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Anti-war alert

U.S. leaks plans for major invasion of Iraq

By John Catalinotto

A front-page story in the April 28 New York Times detailed U.S. plans to invade Iraq toward the end of 2002 or the beginning of 2003. Whatever the timetable, the anti-war movement here has to take the threat seriously and prepare to combat these ever more concrete plans for war against Iraq.

The Times reported that U.S. officials "said the nascent plans for a heavy air campaign and land assault already included rough numbers of troops, ranging from a minimum of about 70,000 to 100,000--one Army corps or a reinforced corps--to a top of 250,000 troops ... The invasion would involve between 75,000 and 200,000 U.S. and British troops after a heavy and continuous bombing attack."

According to the Times, U.S. officials say they are waiting for the proper political and military conditions.

The Bush administration's most aggressive elements have never made secret their desire to take over Iraq, or at least to replace the Saddam Hussein government with one more subservient to U.S. interests. It has apparently leaked its strategy as part of its plan to promote the invasion.

The administration's war plans have run up against many obstacles. None of the regimes in the Gulf region, even those most obedient to Washington, is willing to say publicly that it supports U.S. invasion plans. Even Washington's Western European allies in NATO have warned against an assault on Iraq--although none will confront Washington on this issue.

In addition, the Palestinian people's continued resistance to the U.S.-backed Israeli invasion has awaked the struggle of the Arab and Muslim masses worldwide, and infused it with combativeness. It has also inspired the anti-war movements in some of the imperialist countries, including the United States.

U.S. military tactics won't necessarily follow the program as outlined in the Times. Indeed, a Boston Globe article reported that aides to Defense Secretary Donald Rumsfeld were pushing for an invasion as soon as possible.

An unofficial grouping of veteran cold warriors including Assistant Defense Secretary Paul Wolfowitz, Rumsfeld, Vice President Dick Cheney, Newt Gingrich and Henry Kissinger have been pushing aggressively for an assault on Iraq.

These forces contend that once the Pentagon is committed to win in the Gulf, the reluctant leaders of these client states will fall in line behind the United States even if this risks revolt in their own country. Cheney, Rumsfeld, Wolfowitz and their cabal give little weight to the importance of mass struggle. They are capable of overestimating U.S. strength because they base their judgment on military and economic power alone.

Meanwhile the United States continues to wage war on Afghanistan and on the Afghanistan-Pakistan border, and to expand its military bases in Central Asia. The April 29 Washington Post reported that U.S. and British forces have gathered on that border and are targeting alleged al-Qaeda fugitives in the country's mountainous areas.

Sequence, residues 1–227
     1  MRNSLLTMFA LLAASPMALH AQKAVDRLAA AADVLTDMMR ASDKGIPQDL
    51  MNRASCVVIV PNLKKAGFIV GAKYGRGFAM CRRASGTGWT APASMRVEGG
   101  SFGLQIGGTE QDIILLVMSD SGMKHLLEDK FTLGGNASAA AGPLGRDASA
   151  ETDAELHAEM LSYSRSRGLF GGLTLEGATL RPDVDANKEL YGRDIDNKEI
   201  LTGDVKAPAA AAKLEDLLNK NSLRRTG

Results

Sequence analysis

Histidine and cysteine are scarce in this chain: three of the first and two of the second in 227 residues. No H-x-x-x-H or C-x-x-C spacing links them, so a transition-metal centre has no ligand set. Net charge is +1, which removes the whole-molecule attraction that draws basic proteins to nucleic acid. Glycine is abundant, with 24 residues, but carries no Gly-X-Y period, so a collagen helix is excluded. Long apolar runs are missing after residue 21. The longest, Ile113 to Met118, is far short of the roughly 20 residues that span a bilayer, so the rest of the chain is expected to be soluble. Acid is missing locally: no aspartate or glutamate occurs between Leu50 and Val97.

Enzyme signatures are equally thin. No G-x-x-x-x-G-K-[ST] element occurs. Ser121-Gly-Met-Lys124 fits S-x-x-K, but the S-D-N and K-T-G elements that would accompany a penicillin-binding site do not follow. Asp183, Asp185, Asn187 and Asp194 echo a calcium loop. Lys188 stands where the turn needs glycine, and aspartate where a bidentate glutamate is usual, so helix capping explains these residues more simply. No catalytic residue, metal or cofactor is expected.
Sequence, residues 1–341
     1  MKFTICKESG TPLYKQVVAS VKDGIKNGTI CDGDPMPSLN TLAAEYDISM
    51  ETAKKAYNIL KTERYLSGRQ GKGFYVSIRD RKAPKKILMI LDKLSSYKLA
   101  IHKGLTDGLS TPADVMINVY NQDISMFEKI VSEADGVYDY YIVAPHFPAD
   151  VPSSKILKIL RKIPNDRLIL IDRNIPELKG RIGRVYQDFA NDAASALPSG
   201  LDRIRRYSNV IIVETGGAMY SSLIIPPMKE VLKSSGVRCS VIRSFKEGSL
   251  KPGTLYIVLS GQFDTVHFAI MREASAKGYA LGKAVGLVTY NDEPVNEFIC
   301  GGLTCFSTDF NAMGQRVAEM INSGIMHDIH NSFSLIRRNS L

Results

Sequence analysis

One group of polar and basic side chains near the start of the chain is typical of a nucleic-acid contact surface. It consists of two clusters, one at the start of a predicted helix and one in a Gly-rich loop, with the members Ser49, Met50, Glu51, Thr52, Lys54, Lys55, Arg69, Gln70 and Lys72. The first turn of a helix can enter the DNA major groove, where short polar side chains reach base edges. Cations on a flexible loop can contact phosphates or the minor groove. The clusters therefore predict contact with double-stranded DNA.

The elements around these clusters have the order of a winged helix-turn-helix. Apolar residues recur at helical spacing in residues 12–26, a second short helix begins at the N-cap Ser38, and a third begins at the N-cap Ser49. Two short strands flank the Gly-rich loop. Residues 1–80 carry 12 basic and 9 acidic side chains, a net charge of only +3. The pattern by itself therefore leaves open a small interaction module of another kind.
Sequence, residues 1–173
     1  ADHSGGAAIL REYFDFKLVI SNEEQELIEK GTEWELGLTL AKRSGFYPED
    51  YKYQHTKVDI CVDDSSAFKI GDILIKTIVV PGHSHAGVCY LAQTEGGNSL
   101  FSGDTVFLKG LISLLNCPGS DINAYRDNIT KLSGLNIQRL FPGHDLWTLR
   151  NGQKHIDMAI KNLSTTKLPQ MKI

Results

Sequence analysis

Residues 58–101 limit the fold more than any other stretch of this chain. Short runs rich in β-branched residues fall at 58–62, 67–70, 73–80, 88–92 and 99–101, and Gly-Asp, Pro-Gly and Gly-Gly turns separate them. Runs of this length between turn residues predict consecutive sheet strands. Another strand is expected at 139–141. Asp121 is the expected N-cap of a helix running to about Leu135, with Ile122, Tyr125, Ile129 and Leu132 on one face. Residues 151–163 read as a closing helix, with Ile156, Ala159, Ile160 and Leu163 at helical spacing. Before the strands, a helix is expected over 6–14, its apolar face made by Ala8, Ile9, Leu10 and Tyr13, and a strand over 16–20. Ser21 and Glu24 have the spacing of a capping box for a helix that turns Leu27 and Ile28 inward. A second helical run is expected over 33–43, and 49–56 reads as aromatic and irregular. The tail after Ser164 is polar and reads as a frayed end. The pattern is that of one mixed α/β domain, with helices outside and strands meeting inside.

The same day, USA Today reported that U.S. Special Forces led military raids on mosques inside Pakistan.

Javaid Marwat, the Pakistani government's deputy administrator in Miram Shah, said U.S. and Pakistani troops smashed the front door of a mosque and conducted a room-to-room search of the religious shrine and preparatory school.

Marwat said the search was "totally unwarranted, baseless and wrong."

While the war continues in Afghanistan, the Pentagon also continues to expand its presence throughout Central Asia. What a mere 14 years ago was unthinkable--U.S. military bases in parts of what was then the Soviet Union--is now an everyday event that hardly makes the news.

After a visit by Rumsfeld, Turkmenistan and Kazakhstan--until now the last holdouts--have joined Kyrgystan, Uzbekistan and Tajikistan in harboring U.S. troops, war planes, military bases and surveillance facilities.

The Pentagon is preparing for military intervention throughout Central Asia, where so much of the world's known oil reserves lie.

Tariq Aziz exposes U.S. aims

Speaking to a group of 121 progressives and anti-war activists from 17 mostly European countries April 25, Iraqi Vice Prime Minister Tariq Aziz exposed U.S. aims in the Gulf region.

After the most recent events in Palestine and Venezuela, Aziz explained, it must be clear to the entire world that Washington's belligerent attitude toward Iraq and Iran is based "neither on human rights nor on democracy," but is aimed at the "total control of the oil reserves of the Gulf states." (Neues Deutschland, April 26)

Aziz added that it would be impossible for the United States to use anti-Baghdad forces in the Kurdish northern region or the Shiite southern region to foster a revolt and overthrow the central Iraqi government as was done in Afghanistan. Both the Shiites and the Kurds "feel too much like Iraqis" to let that happen, said Aziz.

Apparently CIA officials agree with this assessment and have told the Bush administration that only an invasion would eliminate the Saddam Hussein government.

The European group, organized by the Belgian association "SOS-Children in Iraq," had been on a two-week tour of Iraq to examine the consequences of almost 12 years of harsh economic sanctions.

In a final statement, this group called for an end to economic sanctions against Iraq and for no support from Europe for any U.S. military moves against Iraq.

Reprinted from the May 9, 2002, issue of Workers World newspaper

This article is copyright under a Creative Commons License.
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